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Windows 8 for tablets not desktops, say attractive CNET UK readers

Sixty per cent of people who responded to our Facebook poll reckon the new Windows 8 interface will be fine for tablets, but won't work well for desktop PCs.

The new Windows 8 interface is well suited to tablets, but doesn't look like it'll work that well on desktop PCs. That's the view of a massive 60 per cent of our handsome, enlightened readership, according to a poll we conducted over the weekend.

And we're inclined to agree. The all-new Windows 8 interface uses the 'Metro' tile-based stylings from Windows Phone, laid over the traditional Windows framework. In demo videos Microsoft's enthused that the new look will work equally well on chunky mouse and keyboard machines, but it only takes one look to see that the colourful patchwork visuals are built for touchscreen devices.

Does this mean Microsoft's moving away from its desktop roots to focus on touchscreen devices? Tablets are definitely trendy at the moment, and we wouldn't be surprised if in five years we're all using tablets as our regular computers, while riding our hoverboards to the space-disco.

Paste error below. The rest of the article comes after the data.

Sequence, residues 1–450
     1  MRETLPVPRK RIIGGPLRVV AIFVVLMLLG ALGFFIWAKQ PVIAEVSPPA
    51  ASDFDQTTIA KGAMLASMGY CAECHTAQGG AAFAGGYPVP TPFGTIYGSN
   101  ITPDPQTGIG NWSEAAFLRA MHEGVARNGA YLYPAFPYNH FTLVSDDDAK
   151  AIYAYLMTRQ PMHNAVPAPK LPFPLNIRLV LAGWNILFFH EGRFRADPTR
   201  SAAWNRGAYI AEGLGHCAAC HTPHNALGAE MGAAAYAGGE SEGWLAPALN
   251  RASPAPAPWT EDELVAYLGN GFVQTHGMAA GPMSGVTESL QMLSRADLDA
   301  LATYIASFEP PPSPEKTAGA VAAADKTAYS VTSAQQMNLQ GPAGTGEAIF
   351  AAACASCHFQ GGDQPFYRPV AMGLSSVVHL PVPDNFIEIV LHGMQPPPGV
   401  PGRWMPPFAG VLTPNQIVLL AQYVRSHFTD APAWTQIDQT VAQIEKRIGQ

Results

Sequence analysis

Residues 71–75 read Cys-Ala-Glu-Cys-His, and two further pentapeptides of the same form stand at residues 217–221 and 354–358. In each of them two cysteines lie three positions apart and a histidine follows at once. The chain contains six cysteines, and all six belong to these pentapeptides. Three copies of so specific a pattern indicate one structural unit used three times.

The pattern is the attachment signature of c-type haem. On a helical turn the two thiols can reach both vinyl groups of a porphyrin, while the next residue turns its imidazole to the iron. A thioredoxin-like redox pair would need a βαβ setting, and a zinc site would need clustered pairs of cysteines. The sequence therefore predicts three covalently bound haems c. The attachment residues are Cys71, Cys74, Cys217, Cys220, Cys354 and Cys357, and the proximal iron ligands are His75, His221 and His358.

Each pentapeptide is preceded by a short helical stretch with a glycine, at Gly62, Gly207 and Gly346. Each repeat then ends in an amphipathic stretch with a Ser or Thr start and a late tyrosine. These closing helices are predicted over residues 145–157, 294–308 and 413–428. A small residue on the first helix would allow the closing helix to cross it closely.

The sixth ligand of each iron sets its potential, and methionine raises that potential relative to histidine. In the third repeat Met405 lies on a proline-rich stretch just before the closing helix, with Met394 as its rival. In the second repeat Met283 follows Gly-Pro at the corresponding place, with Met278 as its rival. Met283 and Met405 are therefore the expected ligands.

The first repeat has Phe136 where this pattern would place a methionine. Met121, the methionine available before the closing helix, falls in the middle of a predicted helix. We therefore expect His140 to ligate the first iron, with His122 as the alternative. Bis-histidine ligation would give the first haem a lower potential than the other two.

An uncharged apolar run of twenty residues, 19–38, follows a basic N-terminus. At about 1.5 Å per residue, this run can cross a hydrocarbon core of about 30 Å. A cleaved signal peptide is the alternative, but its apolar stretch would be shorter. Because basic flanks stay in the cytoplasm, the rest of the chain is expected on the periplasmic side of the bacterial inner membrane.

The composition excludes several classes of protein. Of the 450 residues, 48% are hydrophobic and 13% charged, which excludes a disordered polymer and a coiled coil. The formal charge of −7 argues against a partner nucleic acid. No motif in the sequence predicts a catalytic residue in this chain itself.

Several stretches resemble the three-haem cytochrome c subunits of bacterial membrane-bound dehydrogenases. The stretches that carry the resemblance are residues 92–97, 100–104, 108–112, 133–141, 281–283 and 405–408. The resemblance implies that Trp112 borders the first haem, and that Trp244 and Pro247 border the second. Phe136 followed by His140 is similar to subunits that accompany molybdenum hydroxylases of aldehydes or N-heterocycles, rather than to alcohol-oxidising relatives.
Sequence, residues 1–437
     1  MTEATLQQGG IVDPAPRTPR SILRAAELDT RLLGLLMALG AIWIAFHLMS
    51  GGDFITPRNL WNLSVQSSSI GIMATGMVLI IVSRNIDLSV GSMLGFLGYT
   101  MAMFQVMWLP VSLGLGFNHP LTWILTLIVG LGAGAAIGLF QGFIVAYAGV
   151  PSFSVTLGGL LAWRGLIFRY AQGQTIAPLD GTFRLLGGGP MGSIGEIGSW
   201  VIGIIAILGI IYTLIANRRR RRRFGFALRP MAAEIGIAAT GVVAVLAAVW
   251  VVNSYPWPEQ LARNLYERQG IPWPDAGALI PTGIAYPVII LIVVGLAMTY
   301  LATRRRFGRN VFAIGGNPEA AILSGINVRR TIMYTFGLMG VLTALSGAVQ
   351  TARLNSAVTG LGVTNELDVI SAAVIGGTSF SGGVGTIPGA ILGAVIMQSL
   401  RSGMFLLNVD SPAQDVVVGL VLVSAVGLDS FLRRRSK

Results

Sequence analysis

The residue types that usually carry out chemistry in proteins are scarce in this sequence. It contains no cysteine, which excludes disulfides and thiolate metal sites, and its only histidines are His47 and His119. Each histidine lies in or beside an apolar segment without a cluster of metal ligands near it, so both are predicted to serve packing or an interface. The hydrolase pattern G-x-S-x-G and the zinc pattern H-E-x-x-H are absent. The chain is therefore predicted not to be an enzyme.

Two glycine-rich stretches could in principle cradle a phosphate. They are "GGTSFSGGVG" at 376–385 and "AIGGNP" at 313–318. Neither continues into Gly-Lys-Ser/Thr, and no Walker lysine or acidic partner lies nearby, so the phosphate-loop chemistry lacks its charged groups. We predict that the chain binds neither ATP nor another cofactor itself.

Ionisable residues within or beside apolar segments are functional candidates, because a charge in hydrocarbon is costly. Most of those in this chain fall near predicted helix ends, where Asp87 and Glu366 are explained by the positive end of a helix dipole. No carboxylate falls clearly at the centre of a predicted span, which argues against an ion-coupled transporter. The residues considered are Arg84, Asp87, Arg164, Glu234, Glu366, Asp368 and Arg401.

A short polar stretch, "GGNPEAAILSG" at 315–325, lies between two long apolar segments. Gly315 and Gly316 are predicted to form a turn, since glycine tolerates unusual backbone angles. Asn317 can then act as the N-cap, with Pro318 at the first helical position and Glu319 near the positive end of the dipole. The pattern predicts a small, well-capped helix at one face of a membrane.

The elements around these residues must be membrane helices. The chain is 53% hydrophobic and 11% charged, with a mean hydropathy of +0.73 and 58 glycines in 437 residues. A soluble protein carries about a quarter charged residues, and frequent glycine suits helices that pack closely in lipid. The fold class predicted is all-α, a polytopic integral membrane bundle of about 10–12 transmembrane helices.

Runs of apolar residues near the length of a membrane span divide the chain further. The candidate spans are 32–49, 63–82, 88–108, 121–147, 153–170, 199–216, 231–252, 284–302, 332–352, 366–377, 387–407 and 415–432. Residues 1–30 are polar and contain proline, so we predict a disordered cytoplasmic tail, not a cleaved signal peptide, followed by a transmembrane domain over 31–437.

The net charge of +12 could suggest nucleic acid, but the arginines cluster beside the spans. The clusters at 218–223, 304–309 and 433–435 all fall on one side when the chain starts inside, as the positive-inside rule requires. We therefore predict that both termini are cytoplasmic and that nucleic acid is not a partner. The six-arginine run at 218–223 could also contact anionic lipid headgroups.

Generally the response to the new interface has been very positive. Some 240 people have responded to our poll so far, with 87 (36 per cent) ticking the box marked 'Great idea! Looks slick and modern.' Only 4 per cent opted for 'Disaster! Looks way too restrictive', which is a very positive sign.

One commenter on our poll opined, "I don't feel like using [a] mouse to navigate with tiles is natural, they are made to be touched," but soundly noted, "it's too early to jump to conclusions."

Not everyone's enamoured with the colourful interface -- one commenter wrote, "I believe that the latest Windows OS's are becoming way to graphical. I prefer the good old Windows 2000 Classic style."

Another commenter pretty much hit the nail on the head: "Let's be honest, it's Windows 7 wearing a hat."

There's still time to vote, and for goodness sake, don't forget to rock on up to our official Facebook page and hammer that 'Like' button, for behind-the-scenes photos and videos, polls and assorted hogwash from the CNET UK team.